After the historic 6-0-0 road-trip that put them atop the Pacific Division, the question immediately arose: Can the Sharks have that same success on home ice?
Through the first couple minutes of the first frame, it was pretty clear that road dominance hadn’t fully carried over.
The curious case of the slow start struck San Jose yet again, and it was too much for them to rally back against the stealthy Chicago Blackhawks.
“It was a team effort that put us in that hole,” coach Peter DeBoer said bluntly after the 5-2 loss. “We know they’re a good team. We know they have good sticks. But we were just sloppy, and a little soft in the first, and they made us pay.”
“We like to come out of the gates a little bit better,” said Martin Jones, who could have used more offensive cushion during Wednesday’s tilt. “But they’re a good team. It seemed like there wasn’t a lot of room there for us to make plays. And we ended up turning a lot of pucks over. Against that team, it gets you in trouble.”
It didn’t help that the puck spent the vast majority of the premiere period in the Sharks’ zone. San Jose didn’t put a shot on goal until 13:08 into the game, and multiple turnovers — 12 in the first frame alone — aided in tilting the ice in Chicago’s favor.
“We didn’t turn that many pucks over, I don’t think, in the entire road trip,” DeBoer said. “The reason for that, I don’t know.”
Why the slow start again? Was it the difficulty readjusting to coming home? Does coming back to the West Coast have that big of an impact on how the team starts a game?
“It shouldn’t,” Patrick Marleau insisted. “It’s there if you want to use it. We don’t want to use it. We’ve been home for a couple days too. So I don’t think (that) played into it.”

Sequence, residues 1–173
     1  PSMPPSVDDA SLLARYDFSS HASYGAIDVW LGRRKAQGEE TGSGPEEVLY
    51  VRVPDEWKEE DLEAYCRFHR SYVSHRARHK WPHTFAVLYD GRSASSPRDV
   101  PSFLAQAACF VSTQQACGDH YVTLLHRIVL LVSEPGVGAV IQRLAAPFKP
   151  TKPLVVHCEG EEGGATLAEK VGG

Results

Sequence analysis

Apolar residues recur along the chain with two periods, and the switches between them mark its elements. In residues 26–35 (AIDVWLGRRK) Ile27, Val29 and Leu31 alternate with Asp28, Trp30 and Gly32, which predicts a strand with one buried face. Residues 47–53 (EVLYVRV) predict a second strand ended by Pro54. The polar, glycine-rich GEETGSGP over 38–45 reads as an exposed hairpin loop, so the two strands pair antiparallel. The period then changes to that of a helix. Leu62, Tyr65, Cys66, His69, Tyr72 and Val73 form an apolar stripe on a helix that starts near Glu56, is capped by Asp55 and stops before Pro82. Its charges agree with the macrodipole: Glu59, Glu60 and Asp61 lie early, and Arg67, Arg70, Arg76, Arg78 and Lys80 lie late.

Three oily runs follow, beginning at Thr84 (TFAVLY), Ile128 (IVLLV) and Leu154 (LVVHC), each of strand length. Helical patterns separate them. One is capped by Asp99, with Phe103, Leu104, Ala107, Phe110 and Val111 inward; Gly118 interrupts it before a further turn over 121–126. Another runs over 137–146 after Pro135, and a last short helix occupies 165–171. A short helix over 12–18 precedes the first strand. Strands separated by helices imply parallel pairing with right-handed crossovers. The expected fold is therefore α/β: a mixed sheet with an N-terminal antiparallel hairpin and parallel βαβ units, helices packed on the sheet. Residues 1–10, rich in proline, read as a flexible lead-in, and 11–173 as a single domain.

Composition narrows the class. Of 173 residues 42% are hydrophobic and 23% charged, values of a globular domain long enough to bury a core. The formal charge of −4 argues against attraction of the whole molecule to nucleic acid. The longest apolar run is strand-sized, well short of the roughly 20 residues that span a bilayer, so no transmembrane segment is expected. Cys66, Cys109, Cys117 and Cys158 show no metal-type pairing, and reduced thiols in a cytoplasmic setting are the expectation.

So, for lack of better wording: What gives? What are the Sharks doing on the road that they aren’t doing on home ice?
Joe Pavelski broke it down: “We never really found a flow in the game … You’re looking for that one shift that can really get you back into it. We were just a little short there.”
In fact, one shift could have changed the momentum for the home team, as they did do many things right. Brent Burns’ power play goal in the first that tied the game up 1-1 was the Sharks’ first on the man-advantage at home all season. Team Teal also continued the positive trend of gaining speed as the contest went on and began to get more looks as the game went on, despite being stymied by Corey Crawford.
When they did get the puck past the Chicago netminder to close the scoring gap — and seemed to be finding that flow Pavelski referenced — the Blackhawks were quick to retaliate. “We had our chances,” the captain said, “(but) we didn’t do enough with them.”
The team doesn’t seem to be upset with their entire effort. They know what they are doing well and what needs to improve.
They just need to channel whatever spirit animal got them through that shiny six-game roadie and turn it into home dominance.
“Obviously we’ve got to find a way to get more wins at home,” Jones said. “I thought we’ve played some good hockey at home. It’s just … we need to translate that into wins.”